12 months of the 7-Day Switch: Which banks are winning and losing?

Have you switched bank account in the last 12 months?

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If so, you are probably one of the 1.2million who took advantage of the 7-Day switch guarantee which, thanks to the Payments Council which introduced the scheme, made it quicker and easier to drop your old account and open up a new one.

7-Day Switch stats

The 1.2m switchers represent a 22% increase on the previous year according to Payment Council figures published this week. They also show that 99% of switches that successfully start are completed in the promised timescale of seven working days.

The redirection service has also successfully forwarded 4.3million payments from a switched customer’s old account to their new one.

The figures suggest the Current Account Switch Service is working well and is opening up the market by encouraging banks to offer more competitive products. But where there is competition, there are inevitable winners and losers…

Winners and losers

The table below is based upon figures from the Payments Council, and shows how many current account customers each major bank and building society has gained and lost in the first full quarter of 2014 – that is, switches completed between January 1, 2014 and March 31, 2014.

The winners…

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1. Halifax

Halifax proved to be far and away the biggest winner, pulling in 65,636 customers in the first three months of this year – more than double the 24,078 who decided to leave.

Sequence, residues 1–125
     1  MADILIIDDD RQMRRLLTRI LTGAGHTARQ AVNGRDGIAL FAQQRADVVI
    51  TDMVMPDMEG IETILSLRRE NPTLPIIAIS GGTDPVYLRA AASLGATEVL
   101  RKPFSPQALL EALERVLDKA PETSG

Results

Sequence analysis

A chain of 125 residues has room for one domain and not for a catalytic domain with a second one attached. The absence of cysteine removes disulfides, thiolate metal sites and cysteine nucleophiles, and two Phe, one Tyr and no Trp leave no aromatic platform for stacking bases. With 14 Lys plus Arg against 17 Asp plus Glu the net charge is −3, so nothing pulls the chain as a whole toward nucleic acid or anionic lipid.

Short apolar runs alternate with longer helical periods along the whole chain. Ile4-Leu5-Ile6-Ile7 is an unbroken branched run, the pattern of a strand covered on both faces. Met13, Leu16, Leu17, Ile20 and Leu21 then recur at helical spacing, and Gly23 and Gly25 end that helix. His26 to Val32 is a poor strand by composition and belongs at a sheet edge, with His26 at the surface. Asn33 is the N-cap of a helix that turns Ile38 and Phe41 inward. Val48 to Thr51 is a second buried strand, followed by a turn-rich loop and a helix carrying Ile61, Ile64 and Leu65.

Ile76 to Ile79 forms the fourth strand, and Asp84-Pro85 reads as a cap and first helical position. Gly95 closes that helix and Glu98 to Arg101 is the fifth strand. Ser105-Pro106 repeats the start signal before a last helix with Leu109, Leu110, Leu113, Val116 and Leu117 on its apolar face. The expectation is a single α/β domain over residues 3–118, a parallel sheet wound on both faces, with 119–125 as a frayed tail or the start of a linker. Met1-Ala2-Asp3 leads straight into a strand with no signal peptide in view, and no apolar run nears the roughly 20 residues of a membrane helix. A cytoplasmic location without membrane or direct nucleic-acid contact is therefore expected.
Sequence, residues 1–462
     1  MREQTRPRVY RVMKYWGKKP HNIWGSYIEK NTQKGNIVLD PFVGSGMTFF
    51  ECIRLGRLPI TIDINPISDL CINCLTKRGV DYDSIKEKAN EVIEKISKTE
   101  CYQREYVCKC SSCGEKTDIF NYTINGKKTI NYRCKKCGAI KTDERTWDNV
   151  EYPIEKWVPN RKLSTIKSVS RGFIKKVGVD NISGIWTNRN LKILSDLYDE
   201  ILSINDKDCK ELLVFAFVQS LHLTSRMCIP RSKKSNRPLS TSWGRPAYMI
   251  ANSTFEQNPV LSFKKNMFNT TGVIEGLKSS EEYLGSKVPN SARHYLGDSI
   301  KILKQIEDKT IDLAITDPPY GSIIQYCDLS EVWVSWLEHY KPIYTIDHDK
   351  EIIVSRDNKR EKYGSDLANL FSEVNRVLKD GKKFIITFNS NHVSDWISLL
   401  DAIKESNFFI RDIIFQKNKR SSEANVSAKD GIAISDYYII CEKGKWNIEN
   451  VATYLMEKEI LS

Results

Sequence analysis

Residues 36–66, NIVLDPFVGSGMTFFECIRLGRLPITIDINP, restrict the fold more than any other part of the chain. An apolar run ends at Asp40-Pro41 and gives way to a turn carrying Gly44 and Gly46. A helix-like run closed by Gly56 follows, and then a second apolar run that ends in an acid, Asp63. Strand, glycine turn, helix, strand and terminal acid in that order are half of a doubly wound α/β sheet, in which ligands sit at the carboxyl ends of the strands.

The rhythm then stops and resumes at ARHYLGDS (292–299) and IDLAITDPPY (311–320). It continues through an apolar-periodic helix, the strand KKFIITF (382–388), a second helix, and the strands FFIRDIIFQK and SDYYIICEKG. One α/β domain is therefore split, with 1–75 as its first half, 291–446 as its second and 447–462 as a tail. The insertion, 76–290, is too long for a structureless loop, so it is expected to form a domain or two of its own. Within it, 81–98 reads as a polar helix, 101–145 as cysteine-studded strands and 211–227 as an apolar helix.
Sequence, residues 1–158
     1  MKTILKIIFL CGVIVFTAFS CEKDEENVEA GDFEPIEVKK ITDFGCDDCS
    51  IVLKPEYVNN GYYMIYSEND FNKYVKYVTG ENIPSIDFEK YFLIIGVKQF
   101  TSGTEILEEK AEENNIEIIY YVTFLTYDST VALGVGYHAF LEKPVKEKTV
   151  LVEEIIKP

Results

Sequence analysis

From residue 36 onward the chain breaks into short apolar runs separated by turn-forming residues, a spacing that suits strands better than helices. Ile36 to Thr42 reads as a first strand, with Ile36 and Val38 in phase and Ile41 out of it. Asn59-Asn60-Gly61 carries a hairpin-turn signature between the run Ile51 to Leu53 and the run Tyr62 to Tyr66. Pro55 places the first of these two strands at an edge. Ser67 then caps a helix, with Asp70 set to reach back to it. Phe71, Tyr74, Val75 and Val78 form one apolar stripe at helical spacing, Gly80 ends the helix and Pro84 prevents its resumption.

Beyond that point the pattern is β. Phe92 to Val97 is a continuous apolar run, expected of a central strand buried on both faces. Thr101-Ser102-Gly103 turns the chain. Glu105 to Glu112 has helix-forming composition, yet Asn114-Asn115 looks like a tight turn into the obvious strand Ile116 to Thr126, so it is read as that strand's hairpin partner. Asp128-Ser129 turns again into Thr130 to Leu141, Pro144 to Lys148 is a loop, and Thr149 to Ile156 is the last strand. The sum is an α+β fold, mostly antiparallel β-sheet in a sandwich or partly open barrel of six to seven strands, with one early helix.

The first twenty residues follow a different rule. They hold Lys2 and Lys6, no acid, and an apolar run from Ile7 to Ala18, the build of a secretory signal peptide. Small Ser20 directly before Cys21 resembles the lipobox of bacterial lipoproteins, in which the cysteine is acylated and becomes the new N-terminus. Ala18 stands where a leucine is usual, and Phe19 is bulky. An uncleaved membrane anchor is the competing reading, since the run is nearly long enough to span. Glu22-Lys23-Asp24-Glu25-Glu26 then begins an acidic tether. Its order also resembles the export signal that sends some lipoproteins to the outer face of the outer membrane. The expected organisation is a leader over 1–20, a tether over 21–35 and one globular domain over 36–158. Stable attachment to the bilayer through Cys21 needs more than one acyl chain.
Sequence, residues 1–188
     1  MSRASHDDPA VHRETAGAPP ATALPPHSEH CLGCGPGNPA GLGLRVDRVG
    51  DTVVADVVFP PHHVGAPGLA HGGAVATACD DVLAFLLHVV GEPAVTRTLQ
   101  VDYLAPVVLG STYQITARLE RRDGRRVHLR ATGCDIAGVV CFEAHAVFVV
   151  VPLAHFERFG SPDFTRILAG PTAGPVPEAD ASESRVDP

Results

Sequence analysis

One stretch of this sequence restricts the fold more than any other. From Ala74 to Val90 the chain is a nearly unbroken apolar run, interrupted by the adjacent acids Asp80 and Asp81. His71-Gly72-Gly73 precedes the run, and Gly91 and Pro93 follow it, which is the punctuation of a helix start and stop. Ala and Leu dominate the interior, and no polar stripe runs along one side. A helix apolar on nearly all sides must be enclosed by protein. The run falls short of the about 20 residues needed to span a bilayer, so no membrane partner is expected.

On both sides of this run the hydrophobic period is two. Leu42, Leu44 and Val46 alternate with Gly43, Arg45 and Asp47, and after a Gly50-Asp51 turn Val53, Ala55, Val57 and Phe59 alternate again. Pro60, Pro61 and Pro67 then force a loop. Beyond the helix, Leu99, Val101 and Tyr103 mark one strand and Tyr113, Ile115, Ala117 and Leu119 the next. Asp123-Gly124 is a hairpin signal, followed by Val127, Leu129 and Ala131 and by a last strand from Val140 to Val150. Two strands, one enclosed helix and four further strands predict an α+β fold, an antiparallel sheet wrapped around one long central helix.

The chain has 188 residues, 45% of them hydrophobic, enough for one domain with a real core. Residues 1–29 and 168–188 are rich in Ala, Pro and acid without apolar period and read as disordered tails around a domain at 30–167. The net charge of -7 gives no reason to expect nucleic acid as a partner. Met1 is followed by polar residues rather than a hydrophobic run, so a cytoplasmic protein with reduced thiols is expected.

Cold, hard cash could be the secret of Halifax’s success. Not only does the bank offer £100 to anyone making the switch to its Reward Account, it’ll also bung you £5 every month you stay in credit.

2. Santander

Like Halifax, Santander also gained more than double the amount of customers it lost at the start of the year – its 60,882 accounts opened dwarfed the 23,556 it lost. And it seems cashback was, once again the big draw.

Although there was no golden handshake, the bank’s 123 account certainly caught customers’ imaginations with its tiered cashback incentive on household bills and competitive interest rates for in-credit balances.

3. Nationwide

The UK’s biggest mutual pulled in double the amount of customers it lost – 22,771 through the door compared to 11,091 going the other way – and all this without a cashback offering.

Nationwide has targeted the UK’s legion of beleaguered savers with it FlexDirect account, which offers a headline-grabbing interest rate of 5% AER on balances of up to £2,500.

On the downside, this rate is only available for the first 12 months the account is open, at which point it drops to just 1%, meaning Nationwide’s doors will keep revolving for the foreseeable future.

…and the losers

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1. NatWest

The positive for NatWest was that it started 2014 with 11,482 customers switching to one of its current accounts. The big negative was that almost three times that amount, some 29,740, decided to jump ship.

A big reason for this is that its incentives just aren’t as eye-catching as those offered by other banks.

For instance, although its Select account offers 1% cashback on spending, this is only available at selected retailers, and while its Select Silver account offers 25% cashback on theatre, dance, opera and concert tickets, this account comes with a monthly fee of £10.

2. Barclays

Barclays didn’t get off to the best of starts in 2014 – pulling in 10,947 customers while losing a whopping 27,414 – but then it still hasn’t pulled out the stops to offer any sort of incentive other than a £200 fee-free overdraft.

And even this will cost you at least £6 a month as the ‘fee-free’ overdraft only comes as part of a packaged account.

3. HSBC

HSBC lost almost twice the number of customers it gained at the start of this year – 16,998 in compared to 32,417 out. And it’s no coincidence that has opted against incentivising customers with cashback offers or competitive in-credit interest rates.

Please note: any rates or deals mentioned in this article were available at the time of writing. Click on a highlighted product and apply direct.

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